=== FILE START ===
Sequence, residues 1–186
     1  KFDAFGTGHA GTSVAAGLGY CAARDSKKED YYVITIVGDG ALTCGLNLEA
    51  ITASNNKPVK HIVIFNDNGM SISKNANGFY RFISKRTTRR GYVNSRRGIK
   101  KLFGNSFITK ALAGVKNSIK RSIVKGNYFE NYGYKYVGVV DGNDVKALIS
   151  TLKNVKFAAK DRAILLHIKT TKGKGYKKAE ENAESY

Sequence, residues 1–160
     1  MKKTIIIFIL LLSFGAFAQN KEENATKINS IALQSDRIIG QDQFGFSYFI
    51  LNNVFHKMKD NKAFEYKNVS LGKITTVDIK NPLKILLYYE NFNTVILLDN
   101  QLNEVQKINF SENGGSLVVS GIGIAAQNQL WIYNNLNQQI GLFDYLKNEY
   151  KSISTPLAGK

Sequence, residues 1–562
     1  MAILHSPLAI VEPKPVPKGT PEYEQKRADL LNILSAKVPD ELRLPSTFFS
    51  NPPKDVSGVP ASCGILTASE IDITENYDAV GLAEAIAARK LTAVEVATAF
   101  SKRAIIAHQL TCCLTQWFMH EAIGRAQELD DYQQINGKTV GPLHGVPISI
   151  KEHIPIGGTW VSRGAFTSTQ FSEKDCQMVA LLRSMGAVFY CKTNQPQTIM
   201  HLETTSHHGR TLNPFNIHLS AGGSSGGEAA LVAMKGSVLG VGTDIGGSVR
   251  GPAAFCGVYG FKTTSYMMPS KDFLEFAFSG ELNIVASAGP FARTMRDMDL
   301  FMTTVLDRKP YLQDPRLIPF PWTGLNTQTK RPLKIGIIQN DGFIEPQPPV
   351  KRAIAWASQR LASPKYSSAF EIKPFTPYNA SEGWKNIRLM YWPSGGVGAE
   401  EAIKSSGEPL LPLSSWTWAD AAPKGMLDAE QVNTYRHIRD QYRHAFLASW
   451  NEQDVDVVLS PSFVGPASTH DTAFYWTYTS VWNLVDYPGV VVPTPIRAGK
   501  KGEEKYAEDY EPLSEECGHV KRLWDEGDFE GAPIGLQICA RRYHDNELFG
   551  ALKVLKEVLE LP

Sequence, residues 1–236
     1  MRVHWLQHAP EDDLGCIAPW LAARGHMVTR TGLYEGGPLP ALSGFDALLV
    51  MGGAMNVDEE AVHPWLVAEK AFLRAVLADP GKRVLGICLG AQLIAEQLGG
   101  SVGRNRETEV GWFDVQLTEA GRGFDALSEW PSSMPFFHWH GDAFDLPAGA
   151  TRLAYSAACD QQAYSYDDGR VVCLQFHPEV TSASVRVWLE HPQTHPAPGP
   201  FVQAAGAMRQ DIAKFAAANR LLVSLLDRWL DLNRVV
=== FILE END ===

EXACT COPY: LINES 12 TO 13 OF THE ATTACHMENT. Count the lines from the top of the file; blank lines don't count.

     1  MAILHSPLAI VEPKPVPKGT PEYEQKRADL LNILSAKVPD ELRLPSTFFS
    51  NPPKDVSGVP ASCGILTASE IDITENYDAV GLAEAIAARK LTAVEVATAF